South Africa 8.8.2018 10:42 am

When temperatures rise, so do crime rates in SA

This sign could be interpreted literally. Picture: Shutterstock

This sign could be interpreted literally. Picture: Shutterstock

You are 50% more likely, it seems, to fall victim to a violent crime on a hot day than a cold one.

Over the past few decades there has been growing worldwide interest in examining the relationship between weather and various types of crime.

Most research in this area has, however, produced inconsistent and often paradoxical results. For example, some studies have found no seasonal fluctuations in crime. Others have found an increase in crimes during either the colder winter months or warmer summer months.

Very little is known about how the magnitude and spatial distribution of criminal activity in South Africa is affected by climatic conditions. So we set out to determine whether there is an association between criminal activity and climate in the country’s capital city, Tshwane.

We were specifically interested in the magnitude of crime changes depending on extreme weather conditions, notably temperature and rainfall. In other words: do extremely hot days or high-rainfall days experience higher or lower rates of violent, property or sexual crime?

We also wanted to know whether the spatial distribution of violent, property or sexual crime changes depending on the type of extreme weather event. Simply put, does crime occur in different places on extremely cold days than it does on really hot ones?

Our results indicate a strong association between temperature and criminal activity. That is, as the temperature goes up so, too, does crime. There’s a less significant association between rainfall and crime. The spatial distributions of all types of crime are found to differ significantly depending on the type of weather extreme observed.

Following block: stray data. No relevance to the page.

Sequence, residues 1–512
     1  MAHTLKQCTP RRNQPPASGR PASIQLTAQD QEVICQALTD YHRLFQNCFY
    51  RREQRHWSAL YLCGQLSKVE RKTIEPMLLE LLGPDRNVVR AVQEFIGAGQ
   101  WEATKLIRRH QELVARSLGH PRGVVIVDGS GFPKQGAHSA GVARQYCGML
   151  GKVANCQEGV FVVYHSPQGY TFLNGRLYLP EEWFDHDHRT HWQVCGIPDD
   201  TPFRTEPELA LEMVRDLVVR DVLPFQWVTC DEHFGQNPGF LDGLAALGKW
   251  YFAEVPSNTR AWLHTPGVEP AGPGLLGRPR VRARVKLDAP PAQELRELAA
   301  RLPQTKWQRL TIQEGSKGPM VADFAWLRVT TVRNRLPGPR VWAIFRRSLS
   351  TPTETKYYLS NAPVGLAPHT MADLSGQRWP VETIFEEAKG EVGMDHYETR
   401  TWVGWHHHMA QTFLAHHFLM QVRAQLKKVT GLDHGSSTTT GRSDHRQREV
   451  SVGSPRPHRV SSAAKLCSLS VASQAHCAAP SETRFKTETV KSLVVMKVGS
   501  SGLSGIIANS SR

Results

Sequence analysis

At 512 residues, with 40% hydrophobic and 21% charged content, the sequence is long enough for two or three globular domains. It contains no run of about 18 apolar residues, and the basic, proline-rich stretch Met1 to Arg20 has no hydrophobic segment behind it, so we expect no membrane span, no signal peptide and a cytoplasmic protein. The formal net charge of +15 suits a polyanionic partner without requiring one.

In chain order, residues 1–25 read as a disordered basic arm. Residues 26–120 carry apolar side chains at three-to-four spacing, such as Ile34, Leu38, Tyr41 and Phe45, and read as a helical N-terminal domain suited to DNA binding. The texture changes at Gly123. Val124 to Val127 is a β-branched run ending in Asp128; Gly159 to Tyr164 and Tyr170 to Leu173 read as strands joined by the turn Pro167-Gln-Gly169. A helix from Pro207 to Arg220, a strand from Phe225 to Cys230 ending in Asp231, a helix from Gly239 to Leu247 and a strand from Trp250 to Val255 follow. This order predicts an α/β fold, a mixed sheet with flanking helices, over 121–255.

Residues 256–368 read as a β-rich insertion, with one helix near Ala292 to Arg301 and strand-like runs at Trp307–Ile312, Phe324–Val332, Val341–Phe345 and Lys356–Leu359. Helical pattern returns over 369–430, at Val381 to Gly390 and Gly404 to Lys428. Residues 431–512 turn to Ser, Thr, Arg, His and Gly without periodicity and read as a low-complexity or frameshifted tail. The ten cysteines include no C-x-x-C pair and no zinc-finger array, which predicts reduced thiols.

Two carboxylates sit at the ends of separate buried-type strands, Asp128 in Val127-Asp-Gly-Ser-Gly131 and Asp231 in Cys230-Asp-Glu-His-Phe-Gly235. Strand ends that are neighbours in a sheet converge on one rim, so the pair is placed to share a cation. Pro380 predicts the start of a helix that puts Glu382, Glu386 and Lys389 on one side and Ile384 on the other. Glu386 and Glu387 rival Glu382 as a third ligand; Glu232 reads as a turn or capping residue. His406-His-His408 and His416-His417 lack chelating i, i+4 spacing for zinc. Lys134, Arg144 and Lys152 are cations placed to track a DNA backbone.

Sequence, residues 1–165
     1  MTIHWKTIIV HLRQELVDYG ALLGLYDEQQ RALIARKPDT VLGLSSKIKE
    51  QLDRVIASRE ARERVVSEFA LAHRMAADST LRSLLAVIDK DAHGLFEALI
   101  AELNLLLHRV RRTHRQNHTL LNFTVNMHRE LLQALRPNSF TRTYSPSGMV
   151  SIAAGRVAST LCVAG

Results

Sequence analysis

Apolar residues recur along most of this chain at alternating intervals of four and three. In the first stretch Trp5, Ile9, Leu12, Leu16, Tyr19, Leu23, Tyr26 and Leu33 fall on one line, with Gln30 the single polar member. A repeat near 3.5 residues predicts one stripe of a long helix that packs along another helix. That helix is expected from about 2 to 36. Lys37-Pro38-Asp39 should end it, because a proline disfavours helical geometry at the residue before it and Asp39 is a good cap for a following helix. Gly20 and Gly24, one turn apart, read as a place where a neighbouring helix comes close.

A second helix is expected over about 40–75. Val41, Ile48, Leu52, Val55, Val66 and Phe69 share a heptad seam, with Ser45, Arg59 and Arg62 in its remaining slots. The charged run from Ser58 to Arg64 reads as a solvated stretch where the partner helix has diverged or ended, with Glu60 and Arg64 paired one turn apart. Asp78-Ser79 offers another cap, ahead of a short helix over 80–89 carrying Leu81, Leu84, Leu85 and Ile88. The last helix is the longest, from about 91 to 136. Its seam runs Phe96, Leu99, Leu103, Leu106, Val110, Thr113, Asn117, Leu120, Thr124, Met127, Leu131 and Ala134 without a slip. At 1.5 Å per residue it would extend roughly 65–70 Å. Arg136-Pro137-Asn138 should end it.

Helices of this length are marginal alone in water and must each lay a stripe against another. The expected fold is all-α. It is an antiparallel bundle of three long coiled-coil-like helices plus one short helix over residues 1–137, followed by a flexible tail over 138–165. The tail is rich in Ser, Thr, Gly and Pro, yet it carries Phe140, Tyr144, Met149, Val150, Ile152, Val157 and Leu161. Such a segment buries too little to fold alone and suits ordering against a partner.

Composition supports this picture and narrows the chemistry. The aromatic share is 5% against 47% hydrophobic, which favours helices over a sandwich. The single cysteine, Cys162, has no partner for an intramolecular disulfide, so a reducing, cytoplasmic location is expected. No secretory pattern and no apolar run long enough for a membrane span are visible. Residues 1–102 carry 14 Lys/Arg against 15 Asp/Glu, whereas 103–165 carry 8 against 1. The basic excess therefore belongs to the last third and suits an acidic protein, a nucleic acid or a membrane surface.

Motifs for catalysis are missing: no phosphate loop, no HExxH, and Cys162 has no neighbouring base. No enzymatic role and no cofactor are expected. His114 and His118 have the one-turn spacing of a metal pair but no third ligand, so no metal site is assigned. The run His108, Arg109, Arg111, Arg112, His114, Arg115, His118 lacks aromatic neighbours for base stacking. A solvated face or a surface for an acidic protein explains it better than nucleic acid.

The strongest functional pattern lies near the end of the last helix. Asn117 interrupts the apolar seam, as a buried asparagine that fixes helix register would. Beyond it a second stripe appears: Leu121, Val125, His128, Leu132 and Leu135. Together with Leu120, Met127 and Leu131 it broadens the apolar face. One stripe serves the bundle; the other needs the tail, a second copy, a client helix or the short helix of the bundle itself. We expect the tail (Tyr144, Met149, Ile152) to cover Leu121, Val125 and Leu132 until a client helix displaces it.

The results could help law enforcement agencies better understand how weather affects crime patterns in South Africa’s urban areas and develop and implement appropriate crime prevention measures.

Diving into data

The notion that there’s a relationship between criminal activity and climate is nothing new. Over a century ago Belgian sociologist and scholar Adolphe Quételet observed that crimes against people reach a maximum during the warmer summer months, while crimes against property reached a peak during winter.

He later developed the temperature-aggression theory, which provides a psychological explanation for the increase in crime during warmer months. It suggests that warmer temperatures will lead to an increase in an individual’s frustration and discomfort levels and so increase the likelihood of aggression. This could in turn result in interpersonal crimes such as assault.

We used data and statistical analysis to find an association – if any – between extreme weather conditions and crime in Tshwane. We obtained climate data for the city from the South African Weather Service for a five-year period from September 2001 to the end of August 2006.